Squeezing the Juice out of Baseball
Major League Baseball is used to more than its fair share of controversies and pseudo-disasters, but the organization may now be facing its toughest challenge in years. With rumors of rampant steroid use by players, a high-profile trial involving a pivotal drug company, and specific allegations against three of the sport’s most talented stars, professional baseball once again runs the risk of alienating the general public, despite a marvelously entertaining 2003 season.
Baseball players, like all professional athletes these days, are bigger, faster, and stronger than their predecessors. A combination of new and improved workout techniques, healthier and more informed dietary habits, and a 365-day-a-year commitment to staying in shape has produced sportsmen who at times seem part human, part machine. At the same time, however, the stakes involved in professional sports have exploded; astronomic salaries mean that small gains in speed or strength can and do lead to significantly better on-field results, which inevitably translate into multimillion dollar pay raises. And thus, athletes have become increasingly willing to experiment with performance-enhancing drugs.
Particularly, in baseball, the fascination of fans (the people who put money in the pockets of team owners) and owners (the rich guys who write players’ checks) with the long ball has led hitters to pursue any and all options that can help them smack the ball over the fence. Slugger Mark McGwire, who famously broke Roger Maris’s hallowed single-season home run record in 1998, brought heightened attention to players new performance-enhancing drug binge through his highly publicized use of androstenedione, a legal supplement.
Speculation regarding steroids in baseball mounted over the last couple of years when a number of former players made claims, either in books or through the press, of widespread usage. Some alleged that more than half of all Major League players use steroids, and though those claims have generally dismissed as blatant exaggeration, many baseball insiders have suggested that 10 percent is a more accurate estimate. That number is still far too high, and it places the entire legitimacy and integrity of the sport in question, threatening to drive fans away even at a time when baseball is doing quite well.
Having finally recovered from its infamous labor dispute of 1994-95, Major League Baseball surged to its strongest television ratings in years last fall, boosted by the spectacular rivalry between the Boston Red Sox and New York Yankees and the continued success of underdog teams like the Florida Marlins. Total regular season attendance, meanwhile, stood at a solid 67,630,052, up 12.5 percent from 1996. But all of that can and will change if baseball doesn’t remedy the steroid problem soon.
The logical solution would be mandatory steroid testing for all Major League players. Those who use the illegal drugs right now would probably (though not definitely) be caught, and any younger players would probably think twice before starting on “the juice.”
In a 2002 collective bargaining agreement, the players union and the owners actually agreed upon a limited testing program that has been labeled severely insufficient by a number of people, including Arizona senator John McCain. Under the agreement, baseball players were tested anonymously last season. Roughly 5 to 7 percent of those anonymous tests came back positive, triggering the institution of a penalty system. However, the punishment of a one-year suspension is not meted out until a player commits his fifth offense.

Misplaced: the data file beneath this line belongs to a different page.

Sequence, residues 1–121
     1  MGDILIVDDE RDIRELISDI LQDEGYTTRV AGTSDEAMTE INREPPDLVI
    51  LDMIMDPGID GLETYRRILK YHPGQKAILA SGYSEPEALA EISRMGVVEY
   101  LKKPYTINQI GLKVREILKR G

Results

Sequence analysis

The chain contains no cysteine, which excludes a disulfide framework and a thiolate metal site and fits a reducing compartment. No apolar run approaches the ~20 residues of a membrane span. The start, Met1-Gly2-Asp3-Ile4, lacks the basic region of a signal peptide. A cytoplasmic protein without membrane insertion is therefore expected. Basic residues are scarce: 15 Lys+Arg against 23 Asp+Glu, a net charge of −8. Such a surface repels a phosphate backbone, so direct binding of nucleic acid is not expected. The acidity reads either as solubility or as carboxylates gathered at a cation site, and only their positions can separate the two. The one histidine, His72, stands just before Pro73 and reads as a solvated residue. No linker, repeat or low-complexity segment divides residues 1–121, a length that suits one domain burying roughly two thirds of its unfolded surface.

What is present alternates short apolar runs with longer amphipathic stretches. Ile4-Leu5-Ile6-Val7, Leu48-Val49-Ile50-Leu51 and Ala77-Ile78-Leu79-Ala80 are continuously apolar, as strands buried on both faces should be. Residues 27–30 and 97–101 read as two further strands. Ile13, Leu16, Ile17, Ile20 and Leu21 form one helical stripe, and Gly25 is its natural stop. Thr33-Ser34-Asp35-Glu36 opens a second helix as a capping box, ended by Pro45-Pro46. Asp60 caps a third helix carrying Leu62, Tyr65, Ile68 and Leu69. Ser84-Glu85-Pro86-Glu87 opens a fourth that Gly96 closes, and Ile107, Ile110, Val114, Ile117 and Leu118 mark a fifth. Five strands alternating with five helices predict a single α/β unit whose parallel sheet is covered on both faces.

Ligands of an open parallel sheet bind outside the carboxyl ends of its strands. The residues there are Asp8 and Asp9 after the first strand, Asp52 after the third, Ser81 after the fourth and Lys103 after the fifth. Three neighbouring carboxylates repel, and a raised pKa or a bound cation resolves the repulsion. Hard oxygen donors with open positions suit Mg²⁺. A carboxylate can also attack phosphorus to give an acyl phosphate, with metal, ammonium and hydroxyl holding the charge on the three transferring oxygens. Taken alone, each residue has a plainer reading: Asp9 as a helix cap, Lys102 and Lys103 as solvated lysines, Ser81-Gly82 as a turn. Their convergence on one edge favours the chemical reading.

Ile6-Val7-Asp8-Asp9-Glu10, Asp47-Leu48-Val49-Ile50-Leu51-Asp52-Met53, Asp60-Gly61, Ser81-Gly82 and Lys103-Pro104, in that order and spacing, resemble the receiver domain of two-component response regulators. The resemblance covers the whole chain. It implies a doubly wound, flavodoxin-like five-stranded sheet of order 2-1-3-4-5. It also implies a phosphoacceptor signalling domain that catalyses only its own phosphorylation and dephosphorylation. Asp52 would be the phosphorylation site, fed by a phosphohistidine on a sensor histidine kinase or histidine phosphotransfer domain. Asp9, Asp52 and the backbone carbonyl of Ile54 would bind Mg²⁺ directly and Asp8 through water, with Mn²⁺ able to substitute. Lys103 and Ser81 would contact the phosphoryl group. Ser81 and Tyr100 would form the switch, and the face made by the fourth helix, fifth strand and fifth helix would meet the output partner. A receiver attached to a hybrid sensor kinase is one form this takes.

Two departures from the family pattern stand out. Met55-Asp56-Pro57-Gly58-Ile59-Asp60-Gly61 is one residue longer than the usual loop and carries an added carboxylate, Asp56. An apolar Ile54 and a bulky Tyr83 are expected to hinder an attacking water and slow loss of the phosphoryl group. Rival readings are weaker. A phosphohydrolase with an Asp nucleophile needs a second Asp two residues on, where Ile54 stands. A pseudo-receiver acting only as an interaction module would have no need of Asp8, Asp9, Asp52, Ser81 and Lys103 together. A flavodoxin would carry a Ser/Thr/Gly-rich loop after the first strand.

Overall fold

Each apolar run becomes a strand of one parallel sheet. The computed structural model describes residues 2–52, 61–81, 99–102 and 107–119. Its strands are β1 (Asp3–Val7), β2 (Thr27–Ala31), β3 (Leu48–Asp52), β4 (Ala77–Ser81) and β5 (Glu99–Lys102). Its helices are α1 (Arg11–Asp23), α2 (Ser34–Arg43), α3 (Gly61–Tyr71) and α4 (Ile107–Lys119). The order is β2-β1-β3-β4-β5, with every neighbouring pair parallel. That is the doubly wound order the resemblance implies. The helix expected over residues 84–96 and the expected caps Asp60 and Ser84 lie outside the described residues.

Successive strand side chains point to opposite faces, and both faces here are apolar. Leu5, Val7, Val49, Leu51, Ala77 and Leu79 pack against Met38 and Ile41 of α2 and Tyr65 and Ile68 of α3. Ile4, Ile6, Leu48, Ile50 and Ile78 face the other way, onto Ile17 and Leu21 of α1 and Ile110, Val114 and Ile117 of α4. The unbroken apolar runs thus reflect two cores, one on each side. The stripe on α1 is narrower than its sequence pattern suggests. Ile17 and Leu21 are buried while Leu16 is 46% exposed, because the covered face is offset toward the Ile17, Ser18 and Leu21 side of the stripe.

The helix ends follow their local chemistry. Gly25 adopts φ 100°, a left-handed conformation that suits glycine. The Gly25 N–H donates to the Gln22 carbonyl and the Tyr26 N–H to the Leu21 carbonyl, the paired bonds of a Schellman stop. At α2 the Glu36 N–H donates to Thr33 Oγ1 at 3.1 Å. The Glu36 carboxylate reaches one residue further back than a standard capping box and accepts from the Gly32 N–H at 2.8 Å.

McCain and others who feel that the repercussions for steroid use should carry significantly more bite are absolutely right. There is no place for illegal drugs in baseball. All the arguments that players present for opposing stronger testing add up to no more than a hill of beans. Yes, testing does deprive them of a certain degree of freedom, but if you plan to make your living off athletic performance, you need to respect the need for a level playing field. The presence of steroids in a sport only drives others who normally wouldn’t use drugs to start, since they logically fear that they would suffer a significant competitive disadvantage by staying clean. If unchecked, this could eventually escalate into a situation where most professional baseball players feel forced to take steroids, and perhaps worse, younger players in college and high school start taking illegal supplements, viewing them as a requisite for performing well enough to draw the attention of Major League scouts.
The solution is simple: baseball needs to institute a significantly stricter steroid testing policy as soon as possible. With players opposing obviously warranted policies, and with owners sitting on their hands, worried about the image of baseball but scared of risking the end of the home run binge that carried the sport through the 1990s, McCain and other members of Congress are threatening to impose “legislative remedies” that would stipulate a comprehensive testing plan if Major League Baseball is unable to do so in-house.
McCain is right to point out that the sport has a “legitimacy problem,” but the only way to truly solve that problem is for the players to step up and agree to rigid testing. Granted, the union is strong and it has fought hard for the solid bargaining power it enjoys today, but this is one time that the players can gain by giving in. If baseball wants to maintain its fan base, it needs to get rid of steroids on its own, proving that it is serious about maintaining its integrity and preventing the possibility of getting shown up by Congress.